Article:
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The United States and China: Be Mine, Valentine?

It always surprises people to find out just how popular some Western holidays are in China. I was stunned the first time I saw a Christmas tree and heard “White Christmas” playing. Anyone who stays in Chinese hotels during December will come home ready to break dishes if they hear “Frosty the Snowman” one more time. Valentine’s Day is another popular holiday in China, in spite of the fact that there is a traditional Chinese date for celebrating love (click here to read an article about this from Berkshire’s Guanxi: The China Letter, March 2008), and the Chinese awareness of February 14th is about to influence international relations.

While President Obama knows that February 14th is Valentine’s Day, we Americans do not see much significance in the date on which meetings take place. We are alert to certain anniversaries – of 9/11, for example, but otherwise we don’t worry too much about popular holidays or numbers when planning events. But dates are very important in China. I knew a young man launching an online business who consulted a relative skilled in numerology about the most propitious date for the beta release. The Olympics began at 8.08 pm on the 8th day of the 8th month of 2008. (Yes, the number eight (X, ba) is considered lucky, because “ba” sounds like “bao,” which means wealth.)

Imagine the surprise of an American expert being interviewed about the visit this week of Xi Jinping, current vice president and soon-to-be president of the People’s Republic of China, when asked by a Chinese reporter about the significance of President Obama’s arranging their meeting on Valentine’s day. “What does this mean about US intentions?” asked the reporter.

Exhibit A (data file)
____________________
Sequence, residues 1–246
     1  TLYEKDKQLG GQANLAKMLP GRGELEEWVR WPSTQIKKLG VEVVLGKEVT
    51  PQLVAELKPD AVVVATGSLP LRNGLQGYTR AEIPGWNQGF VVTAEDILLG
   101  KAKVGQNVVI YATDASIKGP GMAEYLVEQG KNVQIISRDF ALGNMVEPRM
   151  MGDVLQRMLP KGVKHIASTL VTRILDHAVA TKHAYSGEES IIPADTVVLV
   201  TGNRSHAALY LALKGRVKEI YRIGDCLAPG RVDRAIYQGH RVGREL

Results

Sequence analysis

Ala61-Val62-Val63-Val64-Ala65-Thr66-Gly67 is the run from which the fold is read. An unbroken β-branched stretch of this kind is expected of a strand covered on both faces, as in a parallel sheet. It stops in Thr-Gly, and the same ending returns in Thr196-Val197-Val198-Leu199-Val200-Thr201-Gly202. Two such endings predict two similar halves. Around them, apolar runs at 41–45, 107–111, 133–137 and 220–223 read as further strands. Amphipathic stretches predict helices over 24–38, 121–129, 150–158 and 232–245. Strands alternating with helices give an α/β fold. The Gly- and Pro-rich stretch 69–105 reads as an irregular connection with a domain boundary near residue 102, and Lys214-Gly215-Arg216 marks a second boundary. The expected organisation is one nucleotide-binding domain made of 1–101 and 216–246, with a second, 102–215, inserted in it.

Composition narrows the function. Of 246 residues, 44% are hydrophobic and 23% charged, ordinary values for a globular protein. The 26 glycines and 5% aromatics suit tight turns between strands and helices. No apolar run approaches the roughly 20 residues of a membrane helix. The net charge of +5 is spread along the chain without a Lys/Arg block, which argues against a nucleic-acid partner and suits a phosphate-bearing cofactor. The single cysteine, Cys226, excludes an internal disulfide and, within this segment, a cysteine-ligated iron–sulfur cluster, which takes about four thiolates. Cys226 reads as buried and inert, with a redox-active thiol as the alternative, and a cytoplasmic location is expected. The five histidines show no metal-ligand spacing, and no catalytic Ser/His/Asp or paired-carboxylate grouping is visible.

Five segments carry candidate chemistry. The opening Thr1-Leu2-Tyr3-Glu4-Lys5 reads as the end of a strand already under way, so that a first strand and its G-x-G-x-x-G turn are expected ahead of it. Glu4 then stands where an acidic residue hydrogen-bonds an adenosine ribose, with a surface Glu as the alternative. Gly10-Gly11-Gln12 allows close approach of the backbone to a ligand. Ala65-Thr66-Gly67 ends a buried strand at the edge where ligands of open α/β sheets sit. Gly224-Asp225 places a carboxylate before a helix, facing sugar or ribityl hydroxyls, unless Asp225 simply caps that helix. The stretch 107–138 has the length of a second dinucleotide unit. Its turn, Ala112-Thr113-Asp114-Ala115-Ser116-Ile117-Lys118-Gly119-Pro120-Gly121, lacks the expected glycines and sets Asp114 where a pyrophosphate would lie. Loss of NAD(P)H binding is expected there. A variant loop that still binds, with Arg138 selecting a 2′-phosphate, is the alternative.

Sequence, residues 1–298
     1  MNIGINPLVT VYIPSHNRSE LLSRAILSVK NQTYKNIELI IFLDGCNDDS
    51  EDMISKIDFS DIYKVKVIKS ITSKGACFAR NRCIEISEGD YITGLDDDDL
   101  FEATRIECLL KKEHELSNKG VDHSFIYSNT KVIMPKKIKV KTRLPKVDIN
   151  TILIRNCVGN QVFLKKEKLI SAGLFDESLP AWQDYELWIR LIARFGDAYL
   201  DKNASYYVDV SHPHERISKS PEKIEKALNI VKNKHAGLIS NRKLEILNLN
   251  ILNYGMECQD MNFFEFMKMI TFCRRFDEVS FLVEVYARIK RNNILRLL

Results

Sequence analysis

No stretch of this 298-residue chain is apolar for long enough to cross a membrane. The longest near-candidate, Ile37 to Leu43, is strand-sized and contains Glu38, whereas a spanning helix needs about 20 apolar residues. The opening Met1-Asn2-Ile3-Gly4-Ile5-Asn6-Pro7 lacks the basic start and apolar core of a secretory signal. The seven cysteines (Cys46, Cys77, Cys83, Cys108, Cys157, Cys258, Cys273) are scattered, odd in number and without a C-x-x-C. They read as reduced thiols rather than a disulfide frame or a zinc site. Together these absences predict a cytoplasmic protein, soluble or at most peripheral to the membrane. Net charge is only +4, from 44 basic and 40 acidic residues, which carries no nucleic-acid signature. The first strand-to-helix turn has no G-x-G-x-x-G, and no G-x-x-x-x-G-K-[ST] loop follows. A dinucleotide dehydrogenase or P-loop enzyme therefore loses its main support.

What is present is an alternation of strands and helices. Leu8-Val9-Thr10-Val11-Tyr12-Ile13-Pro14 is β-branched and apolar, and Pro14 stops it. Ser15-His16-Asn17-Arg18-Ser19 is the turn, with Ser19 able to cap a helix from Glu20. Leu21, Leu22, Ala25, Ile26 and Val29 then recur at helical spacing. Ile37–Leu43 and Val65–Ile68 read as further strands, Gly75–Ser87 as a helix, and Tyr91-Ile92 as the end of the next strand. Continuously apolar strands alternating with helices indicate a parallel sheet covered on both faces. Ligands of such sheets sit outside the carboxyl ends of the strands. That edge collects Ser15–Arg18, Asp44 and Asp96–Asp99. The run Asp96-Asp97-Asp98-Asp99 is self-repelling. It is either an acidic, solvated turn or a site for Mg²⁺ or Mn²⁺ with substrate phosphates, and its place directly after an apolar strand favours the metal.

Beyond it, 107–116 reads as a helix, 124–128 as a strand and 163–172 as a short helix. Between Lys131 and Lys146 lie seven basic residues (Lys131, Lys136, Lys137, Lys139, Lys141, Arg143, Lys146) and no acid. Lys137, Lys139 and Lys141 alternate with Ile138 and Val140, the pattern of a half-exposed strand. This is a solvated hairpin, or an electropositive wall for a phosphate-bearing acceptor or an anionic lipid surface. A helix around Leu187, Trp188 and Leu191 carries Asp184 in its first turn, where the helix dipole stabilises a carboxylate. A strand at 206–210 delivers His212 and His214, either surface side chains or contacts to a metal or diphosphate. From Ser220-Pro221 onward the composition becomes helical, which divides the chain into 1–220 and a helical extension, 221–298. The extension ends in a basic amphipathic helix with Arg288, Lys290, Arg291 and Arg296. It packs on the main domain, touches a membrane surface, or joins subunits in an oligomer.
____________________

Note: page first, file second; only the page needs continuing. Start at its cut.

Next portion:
“You have got to be kidding,” said the American expert. But the reporter wasn’t kidding, and the question came again. And again, in another interview. “The president has a very busy schedule,” the American explained.

The Chinese, however, see significance in dates. In this case, there’s a special incentive: the hope that the US government is signaling a desire for a better relationship, for more love between the world’s two most powerful countries. While the choice of Valentine’s Day was an accident, let’s consider it a happy accident.

Here is Stephen Orlins, President of the National Committee on US-China Relations, interviewed by Bloomberg News today about the upcoming Valentine’s Day visit:

Anything that promotes goodwill between our countries and our leaders is a benefit to all of us and to the world at large. And I’m hoping that the White House will at least make sure that Xi Jinping is presented with a sampling of Sweethearts, Valentine’s Day cards, and lots and lots of chocolate. If the president and vice president somehow neglect to do this, I am happy to make up for it by adding (at Molly McFall’s emphatic suggestion) the following “deeply romantic video from someone who brings the entire world together, Justin Bieber” (I quote Molly because I had never heard Justin Bieber sing until today):

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